Soviet classifications and situated knowledges

Chloe Edwards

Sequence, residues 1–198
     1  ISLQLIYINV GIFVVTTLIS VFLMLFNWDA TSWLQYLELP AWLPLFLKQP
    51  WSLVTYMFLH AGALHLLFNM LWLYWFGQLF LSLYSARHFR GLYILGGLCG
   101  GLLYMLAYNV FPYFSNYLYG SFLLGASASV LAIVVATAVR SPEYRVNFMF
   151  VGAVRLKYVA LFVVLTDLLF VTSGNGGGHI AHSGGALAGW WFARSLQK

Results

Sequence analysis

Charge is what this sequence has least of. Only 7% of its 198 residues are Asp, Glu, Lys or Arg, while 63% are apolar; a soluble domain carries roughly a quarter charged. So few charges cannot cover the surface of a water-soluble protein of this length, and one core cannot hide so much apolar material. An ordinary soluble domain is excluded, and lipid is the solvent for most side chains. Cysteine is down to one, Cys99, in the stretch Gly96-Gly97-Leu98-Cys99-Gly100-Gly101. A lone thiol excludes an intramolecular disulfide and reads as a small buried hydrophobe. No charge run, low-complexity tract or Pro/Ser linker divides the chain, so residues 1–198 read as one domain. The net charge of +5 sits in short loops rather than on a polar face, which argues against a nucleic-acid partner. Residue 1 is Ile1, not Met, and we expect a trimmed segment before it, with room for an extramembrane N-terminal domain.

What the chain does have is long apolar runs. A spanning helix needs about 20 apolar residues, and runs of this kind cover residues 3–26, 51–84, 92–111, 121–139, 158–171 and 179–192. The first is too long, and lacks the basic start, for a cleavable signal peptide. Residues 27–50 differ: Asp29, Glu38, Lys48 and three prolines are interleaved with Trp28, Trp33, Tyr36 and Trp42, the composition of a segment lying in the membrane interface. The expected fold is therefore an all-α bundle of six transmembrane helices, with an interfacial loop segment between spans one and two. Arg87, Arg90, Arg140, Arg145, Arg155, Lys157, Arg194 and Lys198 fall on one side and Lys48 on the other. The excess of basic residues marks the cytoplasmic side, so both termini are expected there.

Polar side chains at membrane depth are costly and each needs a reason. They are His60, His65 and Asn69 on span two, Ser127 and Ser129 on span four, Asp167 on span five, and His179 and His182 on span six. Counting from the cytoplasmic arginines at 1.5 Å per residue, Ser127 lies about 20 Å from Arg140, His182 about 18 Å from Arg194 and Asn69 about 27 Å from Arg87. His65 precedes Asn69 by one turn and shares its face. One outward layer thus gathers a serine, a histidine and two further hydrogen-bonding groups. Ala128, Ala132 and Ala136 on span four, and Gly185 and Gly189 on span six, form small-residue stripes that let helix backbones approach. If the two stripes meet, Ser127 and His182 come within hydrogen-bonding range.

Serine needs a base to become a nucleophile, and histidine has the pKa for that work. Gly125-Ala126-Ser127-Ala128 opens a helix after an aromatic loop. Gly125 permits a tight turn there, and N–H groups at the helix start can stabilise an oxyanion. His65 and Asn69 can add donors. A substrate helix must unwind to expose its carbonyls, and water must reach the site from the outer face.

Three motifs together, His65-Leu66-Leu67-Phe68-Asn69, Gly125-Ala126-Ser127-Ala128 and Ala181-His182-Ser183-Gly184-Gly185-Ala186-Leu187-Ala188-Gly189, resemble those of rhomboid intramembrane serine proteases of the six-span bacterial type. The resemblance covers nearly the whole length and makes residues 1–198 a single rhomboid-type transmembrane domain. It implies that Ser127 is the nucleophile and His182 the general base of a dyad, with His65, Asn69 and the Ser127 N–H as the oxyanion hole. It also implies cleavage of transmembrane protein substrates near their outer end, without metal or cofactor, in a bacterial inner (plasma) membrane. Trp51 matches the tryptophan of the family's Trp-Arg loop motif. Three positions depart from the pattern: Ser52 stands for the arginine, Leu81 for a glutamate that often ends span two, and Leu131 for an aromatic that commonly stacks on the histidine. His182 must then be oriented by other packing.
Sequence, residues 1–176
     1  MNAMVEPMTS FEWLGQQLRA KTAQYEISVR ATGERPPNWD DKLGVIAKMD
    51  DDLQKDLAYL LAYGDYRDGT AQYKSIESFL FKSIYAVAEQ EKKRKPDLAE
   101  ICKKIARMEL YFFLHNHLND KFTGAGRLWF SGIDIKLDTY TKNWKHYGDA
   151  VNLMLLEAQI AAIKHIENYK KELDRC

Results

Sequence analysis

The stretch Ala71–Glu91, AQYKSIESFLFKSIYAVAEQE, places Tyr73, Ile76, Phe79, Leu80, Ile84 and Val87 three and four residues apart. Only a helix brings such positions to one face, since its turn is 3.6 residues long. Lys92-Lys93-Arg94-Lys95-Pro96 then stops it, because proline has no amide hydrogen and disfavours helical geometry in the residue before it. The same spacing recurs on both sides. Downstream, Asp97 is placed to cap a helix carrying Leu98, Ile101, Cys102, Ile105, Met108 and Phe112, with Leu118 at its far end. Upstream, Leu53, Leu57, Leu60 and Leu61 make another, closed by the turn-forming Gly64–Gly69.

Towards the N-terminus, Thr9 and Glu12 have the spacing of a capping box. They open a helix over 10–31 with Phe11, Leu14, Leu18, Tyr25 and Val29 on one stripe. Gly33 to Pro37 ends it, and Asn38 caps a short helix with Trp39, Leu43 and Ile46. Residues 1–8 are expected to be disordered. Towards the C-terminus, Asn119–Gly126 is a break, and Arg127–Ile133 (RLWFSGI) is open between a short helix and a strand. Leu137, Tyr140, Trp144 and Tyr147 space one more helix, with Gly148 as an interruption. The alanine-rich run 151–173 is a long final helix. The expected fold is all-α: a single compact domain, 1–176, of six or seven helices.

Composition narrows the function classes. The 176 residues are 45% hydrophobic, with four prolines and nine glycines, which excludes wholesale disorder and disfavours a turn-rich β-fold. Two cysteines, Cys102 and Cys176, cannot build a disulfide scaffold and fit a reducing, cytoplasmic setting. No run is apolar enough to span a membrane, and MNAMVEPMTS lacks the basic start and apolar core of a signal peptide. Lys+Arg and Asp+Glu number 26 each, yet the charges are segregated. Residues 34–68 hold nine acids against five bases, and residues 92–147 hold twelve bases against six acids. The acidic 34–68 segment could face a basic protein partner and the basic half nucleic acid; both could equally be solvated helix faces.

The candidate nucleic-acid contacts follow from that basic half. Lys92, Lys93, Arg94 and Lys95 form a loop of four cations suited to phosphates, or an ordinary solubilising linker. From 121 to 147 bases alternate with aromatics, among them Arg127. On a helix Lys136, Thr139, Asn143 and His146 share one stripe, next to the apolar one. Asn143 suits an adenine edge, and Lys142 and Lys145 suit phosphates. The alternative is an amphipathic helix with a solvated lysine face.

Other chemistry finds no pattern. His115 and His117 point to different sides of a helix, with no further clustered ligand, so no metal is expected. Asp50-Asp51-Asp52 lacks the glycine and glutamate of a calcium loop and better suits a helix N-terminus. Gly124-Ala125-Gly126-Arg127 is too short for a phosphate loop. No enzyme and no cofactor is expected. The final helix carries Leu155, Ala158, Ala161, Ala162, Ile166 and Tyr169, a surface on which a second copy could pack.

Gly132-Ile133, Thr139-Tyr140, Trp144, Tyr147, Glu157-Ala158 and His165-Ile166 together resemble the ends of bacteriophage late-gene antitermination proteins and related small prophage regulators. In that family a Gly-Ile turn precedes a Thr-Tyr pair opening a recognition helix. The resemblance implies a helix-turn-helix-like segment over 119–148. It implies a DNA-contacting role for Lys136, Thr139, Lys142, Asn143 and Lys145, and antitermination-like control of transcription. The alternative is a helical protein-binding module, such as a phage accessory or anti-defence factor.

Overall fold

The most recent literature on systemic bias in classification has focused on how to most responsibly handle the bias that is inevitable in knowledge organization, rather than on eliminating it altogether. On the foundation of Donna Haraway’s work on situated knowledges, Feinberg has argued for multiple knowledge domains of acknowledged perspectives and care on the classificationist’s part for the rhetorical argument advanced by his classification; Mai has argued for the citation of cognitive authorities in classification work. These are all solutions which were implemented for ideological purposes in the Soviet library and bibliographic classifications created in the first half of the twentieth century. Far from producing responsible or accountable classifications, however, the Soviet classifications were one more layer of thought control in the all-encompassing totalitarian state, leading to the conclusion that it is not simply acknowledging bias which makes a classification responsible, but doing so in an open society where individuals are free to choose between systems of knowledge organization and to interrogate those with which they disagree.

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